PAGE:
Using Heading Tags for Hierarchy, not Design

Screenshot showing part of a blog with the focus on the title saying

When a sighted user visits a webpage, their first action will likely be to scroll through the page and skim headlines, subheads and graphics to get a scope of what they are about to read. Non-sighted users undertake a similar process of quickly absorbing information on the page in order to orient themselves and get a feel for the scope of a piece of content. That is why it's important H tags are used properly to communicate the hierarchy of the content of a page, in addition to for their visual benefits.

H tags (h1, h2, h3, h4, h5 and h6) are CSS styles on a website that help consistently stylize and structurally organize content. Rather than formatting headlines and subheads on each individual page by manually adjusting the design, these tags universally apply styles site-wide. In order of importance, or design-wise, from largest to smallest, consider the h1 the most critical heading on a page, with the most diminutive and least significant being h6.

For SEO purposes, search engines use heading tags to understand what a piece of content is about, and placing the greatest SEO value on the h1, and gradually less on the others. It is generally considered best practice to only include a single h1, typically the title of a page, followed by a few h2s to represent the main sections of content on the page, followed by h3s representing sections inside the h2 sections. An h1 should be the first heading tag on a page, and the subsequent headings should descend one level at a time (h2 > h3 > h4). The headings can increase as many levels as it needs to (h2 > h3 > h4 > h2).

 

Here are visual examples of H tags:

H1: The most important title on the page

 

H2: The main sections of a page.

 

H3: Subheads inside of the main sections.

 

H4: Smaller titles and sections.

 
H5: Even smaller titles and sections.
 
H6: Smallest titles and sections

 

Use Headings for Page Structure and  CSS Classes for Design

The best web developers build with both design and accessibility in mind. There will be situations where the design characteristics of certain heading tags are appropriate but the content does not warrant that heading designation. In these instances, your best bet is to use CSS styles instead of heading tags.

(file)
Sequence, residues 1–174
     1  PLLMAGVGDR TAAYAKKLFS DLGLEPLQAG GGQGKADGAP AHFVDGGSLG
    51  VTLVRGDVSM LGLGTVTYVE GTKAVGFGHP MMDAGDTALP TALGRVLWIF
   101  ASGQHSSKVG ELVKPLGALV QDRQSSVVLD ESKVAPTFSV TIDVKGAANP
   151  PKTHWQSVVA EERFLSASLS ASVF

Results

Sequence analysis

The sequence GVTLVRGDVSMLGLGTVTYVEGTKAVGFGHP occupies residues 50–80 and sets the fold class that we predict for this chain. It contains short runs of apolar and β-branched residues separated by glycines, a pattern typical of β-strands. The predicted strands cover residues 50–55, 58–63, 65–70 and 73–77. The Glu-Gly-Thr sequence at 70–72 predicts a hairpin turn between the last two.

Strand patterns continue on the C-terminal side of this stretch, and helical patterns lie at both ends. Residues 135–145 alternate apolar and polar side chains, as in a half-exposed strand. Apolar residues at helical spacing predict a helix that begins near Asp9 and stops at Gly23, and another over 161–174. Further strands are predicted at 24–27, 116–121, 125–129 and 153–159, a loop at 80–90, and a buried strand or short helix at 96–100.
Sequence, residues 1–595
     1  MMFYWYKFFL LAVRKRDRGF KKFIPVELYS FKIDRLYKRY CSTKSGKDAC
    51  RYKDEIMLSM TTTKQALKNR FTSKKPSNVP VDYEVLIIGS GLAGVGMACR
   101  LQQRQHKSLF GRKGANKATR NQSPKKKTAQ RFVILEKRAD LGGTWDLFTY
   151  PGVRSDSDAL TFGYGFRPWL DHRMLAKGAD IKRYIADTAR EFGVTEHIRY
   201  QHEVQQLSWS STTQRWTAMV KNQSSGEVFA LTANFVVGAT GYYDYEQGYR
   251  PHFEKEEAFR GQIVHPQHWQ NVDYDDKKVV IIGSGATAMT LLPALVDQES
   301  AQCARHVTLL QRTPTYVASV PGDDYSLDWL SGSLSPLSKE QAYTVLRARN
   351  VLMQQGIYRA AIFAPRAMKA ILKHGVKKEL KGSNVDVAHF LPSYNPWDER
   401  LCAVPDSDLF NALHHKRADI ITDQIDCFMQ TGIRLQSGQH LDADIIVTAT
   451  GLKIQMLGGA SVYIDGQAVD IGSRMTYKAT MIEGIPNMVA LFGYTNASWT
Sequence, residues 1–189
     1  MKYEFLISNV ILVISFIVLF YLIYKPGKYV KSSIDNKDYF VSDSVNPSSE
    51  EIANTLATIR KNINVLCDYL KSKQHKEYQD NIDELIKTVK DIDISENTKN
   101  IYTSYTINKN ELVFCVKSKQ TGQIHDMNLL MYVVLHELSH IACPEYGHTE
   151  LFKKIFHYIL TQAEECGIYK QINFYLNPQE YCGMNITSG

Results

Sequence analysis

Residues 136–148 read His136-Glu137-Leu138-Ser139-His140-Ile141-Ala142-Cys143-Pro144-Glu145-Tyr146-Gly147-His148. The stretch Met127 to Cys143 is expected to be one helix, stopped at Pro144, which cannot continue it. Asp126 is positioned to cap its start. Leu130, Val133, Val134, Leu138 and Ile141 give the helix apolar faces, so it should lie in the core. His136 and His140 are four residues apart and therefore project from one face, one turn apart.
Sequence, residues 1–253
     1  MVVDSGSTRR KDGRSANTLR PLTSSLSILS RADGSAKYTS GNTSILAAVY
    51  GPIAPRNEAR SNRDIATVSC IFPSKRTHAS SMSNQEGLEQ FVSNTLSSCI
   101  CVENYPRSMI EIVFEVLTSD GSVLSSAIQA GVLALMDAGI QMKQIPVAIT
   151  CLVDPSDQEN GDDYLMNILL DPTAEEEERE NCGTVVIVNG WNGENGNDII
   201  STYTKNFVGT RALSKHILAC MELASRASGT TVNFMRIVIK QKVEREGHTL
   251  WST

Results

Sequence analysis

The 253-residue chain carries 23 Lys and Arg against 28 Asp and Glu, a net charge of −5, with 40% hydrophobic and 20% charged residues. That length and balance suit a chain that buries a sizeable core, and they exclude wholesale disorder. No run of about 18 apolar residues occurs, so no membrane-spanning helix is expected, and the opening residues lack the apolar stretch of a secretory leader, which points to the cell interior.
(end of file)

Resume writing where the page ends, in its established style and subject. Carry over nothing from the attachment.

This call-to-action uses the styling of an h3 for the main title of the content which reads "Cybersecurity Maturity Score." The following sentences are more of a description reading "How does your organization rank? Take our 5-question assessment" with the design is the styling of an h2. 

Cybersecurity-CTA-with-small-and -medium-size-headlines.

Simply using an h3 followed by an h2 would achieve the desired design effect, but semantically, someone pursuing this page with a screen reader would not understand what this section of content is about.

Rather than using heading tags for their design effect, headings should only be used for their hierarchical, organizational implications. The design attributes in this case should be controlled with CSS class styles.

<h2 class="heading3">Cybersecurity Maturity Score</h2>
<p class="heading2">How does your organization rank? Take our 5-question assessment.</p>

For this to have the proper design effect, your CSS would need these classes set up where your heading styles are declared.

h1, .heading1 {...}
h2, .heading2 {...}
h3, .heading3 {...}

 

Overriding Heading Level Designation

In the event you cannot add heading styles or need an alternate way to change a heading level without changing the style, you can use role and aria-level to declare a more appropriate level.

Using the title of this section as an example, the following code would read this section title as a heading 4, even though it is an h2:

<h2 role="heading" aria-level="4" >Overriding Heading Level Designation</h2>

This will keep the design consistent with an h2 tag, but it will be delivered with a screen reader as "Overriding Heading Level Designation. Heading Level 4." 

 

Similarly, you can use role to remove the heading designation altogether.

<h2 role="none" >Overriding Heading Level Designation</h2>

Role="none" tells screen readers this element is no more important than general text on the page. It will still be picked up when the user reads the entire page, but not when skimming headings.